Houseboat at Vee Lake.

Isn’t that snow so pretty?

This kid isn’t tired of me taking his photos all the time, yet.

He loves having a mom as a photographer.

I googled how to take photos of Northern Lights and this was my first image. I was so excited that I forgot to lower my ISO and adjust my shutter speed.

We woke up around 1am to see the Aurora Borealis and let me tell you it was freeeezing cold. I couldn’t stop clicking my shutter release because the lights were moving quickly. It was beautiful.

Meet Dora the dog.

Afterwards, we stayed with my husband’s cousin and his lovely family. They invited us into their home and we are will be forever grateful for their hospitality. I gave them the option to throw us out if we were out of hand but they actually kept us around. At their home, we got to watch the cousins bond with each other which was a memorable experience for all. I also earned my aunty pin: sent kid out into freezing temperature with rubber boots and those silly stretchy mittens (she had me convinced that all her other gear was wet and she’d be okay), woke toddler up from afternoon nap by walking into her room and banging open the door and abruptly turning on the lights, forgot to change toddlers poopy bum, listened to the kids talk non stop about poo, took lots of pictures, bruised up my knees crawling after baby in the kid tunnels at the ice castle and tried to earn trust from the sweet & spicy niece who wouldn’t have anything to do with me until I came home with a beaded pink necklace. Then she told me we were best friends. I knew the pink beads would work. Our family took us to see the Northern Heritage Centre where the kids ran through and spent most of the visit trying on homemade “Northern style” clothing. I went shopping for some Northern wear for myself at Weaver & Devore and Just Furs. Let me just mention here that I can still smell the smoked moose hide and feel the soft seal skin on my skin. My husband and I went on a date to the Salvation Army Thrift Store where I saw an old man wearing beautiful beaded moccasins with galoshes as he spoke to his wife in their language. I found a stylish mustard coloured sweater vest and my husband bought some Stephen King books. We then went for a walk though the mall which was a good representation of the changes in the North. Afterwards we walked holding mittened hands to do some t-shirt shopping at the family owned Erasmus Apparel. Best date yet because honestly we don’t get many (dates, that is). Our last couple of days were spent going to Aurora Village where we did touristy things like being instructed on how to roast a marshmallow by an Australian tour guide, drank hot chocolate in a teepee, tobogganed down a man made hill, and went for a lovely dog sled ride while listening to my kids complain about the dogs farting.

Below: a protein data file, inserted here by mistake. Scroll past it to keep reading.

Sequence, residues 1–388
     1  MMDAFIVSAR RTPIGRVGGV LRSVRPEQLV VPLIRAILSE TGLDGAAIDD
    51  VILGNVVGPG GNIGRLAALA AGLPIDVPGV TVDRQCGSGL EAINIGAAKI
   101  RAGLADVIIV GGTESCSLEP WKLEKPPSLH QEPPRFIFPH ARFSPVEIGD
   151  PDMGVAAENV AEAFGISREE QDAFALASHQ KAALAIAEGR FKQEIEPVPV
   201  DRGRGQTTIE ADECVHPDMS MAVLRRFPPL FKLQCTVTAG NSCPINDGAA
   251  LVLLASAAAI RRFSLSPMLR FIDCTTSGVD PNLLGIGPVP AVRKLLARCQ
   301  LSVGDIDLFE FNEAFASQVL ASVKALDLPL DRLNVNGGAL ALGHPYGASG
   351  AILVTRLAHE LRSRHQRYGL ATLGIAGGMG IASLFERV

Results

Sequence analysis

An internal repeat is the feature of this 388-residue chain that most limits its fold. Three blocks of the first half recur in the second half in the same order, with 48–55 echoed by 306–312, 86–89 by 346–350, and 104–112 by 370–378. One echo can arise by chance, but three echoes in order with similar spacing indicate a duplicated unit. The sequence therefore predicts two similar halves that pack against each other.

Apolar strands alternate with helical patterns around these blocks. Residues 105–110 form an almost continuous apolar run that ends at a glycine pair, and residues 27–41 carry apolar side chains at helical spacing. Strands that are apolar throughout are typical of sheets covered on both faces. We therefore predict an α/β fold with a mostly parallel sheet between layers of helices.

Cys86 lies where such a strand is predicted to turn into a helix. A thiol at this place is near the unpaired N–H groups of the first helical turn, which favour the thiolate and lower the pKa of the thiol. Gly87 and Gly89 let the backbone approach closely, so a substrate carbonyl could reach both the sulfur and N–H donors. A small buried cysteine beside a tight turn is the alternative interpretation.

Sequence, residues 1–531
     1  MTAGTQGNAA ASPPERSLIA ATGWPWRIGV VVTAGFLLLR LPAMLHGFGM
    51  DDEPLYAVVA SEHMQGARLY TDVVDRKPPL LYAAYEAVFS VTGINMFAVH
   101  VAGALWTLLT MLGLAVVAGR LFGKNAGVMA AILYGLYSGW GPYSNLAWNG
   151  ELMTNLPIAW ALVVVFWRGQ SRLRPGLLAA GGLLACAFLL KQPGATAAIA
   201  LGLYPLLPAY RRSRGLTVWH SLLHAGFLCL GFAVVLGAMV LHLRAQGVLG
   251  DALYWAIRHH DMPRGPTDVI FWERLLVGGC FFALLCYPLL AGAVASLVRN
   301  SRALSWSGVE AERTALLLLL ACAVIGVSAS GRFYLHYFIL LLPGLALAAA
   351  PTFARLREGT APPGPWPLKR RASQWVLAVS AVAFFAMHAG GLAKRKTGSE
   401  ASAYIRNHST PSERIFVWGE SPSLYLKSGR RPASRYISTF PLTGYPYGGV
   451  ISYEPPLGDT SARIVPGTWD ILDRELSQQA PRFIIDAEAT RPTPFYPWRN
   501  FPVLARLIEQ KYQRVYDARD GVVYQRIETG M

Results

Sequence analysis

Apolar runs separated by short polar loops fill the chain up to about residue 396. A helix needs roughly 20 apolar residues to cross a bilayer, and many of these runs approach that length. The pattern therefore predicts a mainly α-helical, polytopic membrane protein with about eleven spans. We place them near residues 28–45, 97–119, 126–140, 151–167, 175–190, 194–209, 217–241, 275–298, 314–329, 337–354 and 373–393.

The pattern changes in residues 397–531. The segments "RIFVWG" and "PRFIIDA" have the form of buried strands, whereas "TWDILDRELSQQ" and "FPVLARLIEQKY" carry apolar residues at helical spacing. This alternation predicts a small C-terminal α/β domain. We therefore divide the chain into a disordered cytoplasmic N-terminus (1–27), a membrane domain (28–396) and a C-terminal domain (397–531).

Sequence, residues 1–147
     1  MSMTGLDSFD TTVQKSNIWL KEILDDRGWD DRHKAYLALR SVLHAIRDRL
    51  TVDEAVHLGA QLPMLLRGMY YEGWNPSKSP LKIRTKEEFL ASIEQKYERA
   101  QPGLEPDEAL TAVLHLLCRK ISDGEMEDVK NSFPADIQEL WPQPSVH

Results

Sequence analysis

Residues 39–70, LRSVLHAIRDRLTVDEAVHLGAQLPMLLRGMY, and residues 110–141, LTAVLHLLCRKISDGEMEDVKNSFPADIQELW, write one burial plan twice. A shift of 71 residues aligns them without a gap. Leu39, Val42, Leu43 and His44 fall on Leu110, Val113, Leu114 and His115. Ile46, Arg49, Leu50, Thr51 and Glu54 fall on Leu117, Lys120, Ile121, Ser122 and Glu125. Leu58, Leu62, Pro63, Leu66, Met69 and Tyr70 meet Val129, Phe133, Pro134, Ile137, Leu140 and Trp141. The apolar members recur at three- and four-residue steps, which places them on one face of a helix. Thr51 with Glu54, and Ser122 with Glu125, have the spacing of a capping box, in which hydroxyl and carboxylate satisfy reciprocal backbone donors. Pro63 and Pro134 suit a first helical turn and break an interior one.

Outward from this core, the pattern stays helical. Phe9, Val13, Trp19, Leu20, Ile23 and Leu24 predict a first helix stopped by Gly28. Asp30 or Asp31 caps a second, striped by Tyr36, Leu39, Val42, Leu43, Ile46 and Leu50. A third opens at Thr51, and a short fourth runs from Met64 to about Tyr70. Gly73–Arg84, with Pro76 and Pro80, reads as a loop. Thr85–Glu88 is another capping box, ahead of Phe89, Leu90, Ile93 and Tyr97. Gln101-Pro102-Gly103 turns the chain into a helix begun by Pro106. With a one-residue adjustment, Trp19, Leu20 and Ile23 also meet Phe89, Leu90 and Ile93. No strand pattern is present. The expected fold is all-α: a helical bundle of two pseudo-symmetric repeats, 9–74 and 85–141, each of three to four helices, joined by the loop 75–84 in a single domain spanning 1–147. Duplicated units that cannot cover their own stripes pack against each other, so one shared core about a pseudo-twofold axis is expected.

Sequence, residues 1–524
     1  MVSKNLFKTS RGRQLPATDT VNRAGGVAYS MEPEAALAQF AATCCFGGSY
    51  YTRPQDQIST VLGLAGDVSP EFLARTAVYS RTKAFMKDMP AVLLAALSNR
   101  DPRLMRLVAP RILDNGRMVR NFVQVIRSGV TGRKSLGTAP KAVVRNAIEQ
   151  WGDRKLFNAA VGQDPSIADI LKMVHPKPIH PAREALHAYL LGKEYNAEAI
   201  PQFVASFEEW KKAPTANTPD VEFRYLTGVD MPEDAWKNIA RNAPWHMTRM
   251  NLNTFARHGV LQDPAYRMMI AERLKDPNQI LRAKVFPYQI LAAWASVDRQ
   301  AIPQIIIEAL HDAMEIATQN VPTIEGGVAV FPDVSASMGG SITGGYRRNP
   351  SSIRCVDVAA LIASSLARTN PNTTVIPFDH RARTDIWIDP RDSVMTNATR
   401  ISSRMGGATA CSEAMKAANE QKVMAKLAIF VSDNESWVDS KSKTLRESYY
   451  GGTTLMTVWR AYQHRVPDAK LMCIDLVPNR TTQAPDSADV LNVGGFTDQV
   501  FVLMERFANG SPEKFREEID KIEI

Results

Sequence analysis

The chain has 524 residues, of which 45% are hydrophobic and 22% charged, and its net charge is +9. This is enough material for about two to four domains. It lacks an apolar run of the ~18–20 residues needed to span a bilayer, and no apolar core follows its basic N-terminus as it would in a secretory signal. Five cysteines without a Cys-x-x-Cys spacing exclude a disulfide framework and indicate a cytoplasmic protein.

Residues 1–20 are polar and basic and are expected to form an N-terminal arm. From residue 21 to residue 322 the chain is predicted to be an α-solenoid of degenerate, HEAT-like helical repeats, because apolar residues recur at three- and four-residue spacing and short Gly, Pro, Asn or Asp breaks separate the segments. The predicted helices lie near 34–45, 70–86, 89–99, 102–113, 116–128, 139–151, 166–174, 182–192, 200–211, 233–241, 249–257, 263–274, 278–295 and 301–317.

Our cousins and Brody’s wall of drawings.

Those moccasins with all that moose hair tufting!

Look there is a moose and you can even see the drool.

Astum, Astum!

My husband never gets tired of me asking him to pose for another photo.

This snowcastle was impressive. To see more photos you can read Caroline’s blog post from last year’s Snowking’s festival. They change the design every year.

We loved every moment about our trip up North. It went by so quickly that Shawna and I had the good intentions of collaborating on something but the only thing we collaborated on was attending a Booty exercise class (yassss did we ever burn it while looking like monkeys) and then talking about parenting and photography over a cup of hot cocoa with a peppermint tea bag. Shawna and I hadn’t seen each other since we finished our diplomas in photography at Western Academy in Victoria, BC. Back then she was fresh out of high school (perhaps not that fresh) and I was already pregnant with my second son. Over the years, I’ve thoroughly enjoyed seeing her grow as a photographer but also as a young woman and now mother. All these connections are so important for the growth of my young family and for me, as an artist, friend, mother and aunty.

Look – it’s the talented and lovely Shawna McLeod.

These are a few more stories about the North, that I can add to my daydreams for years to come. While my children can share their own stories about that time we went to Yellowknife for Spring Break.

We miss you.

*In the Dogrib language, the city is known as Sǫ̀mbak’è (Sawm-ba Kay) (money place)

-Amanda Laliberte

Tgu dzipdzaba apels; Peel the apples

Farmers, fishermen, hunters. We all follow the weather. Closely.

This year on our farm, we had a bumper crop of apples. We are attributing it to the many affects of climate change. We had thought the drought through the summer might impact our harvest. But the warm weather and lack of rain swung us the other way. Sooooo many apples.

It was time to Tgu dzipdzaba apels – to peel the apples.

When we have things that have been imported into our territory, sometimes our word is similar to the language of the person who brought it – with a smalgyax flourish of course. In this instance “apples” become “apels”.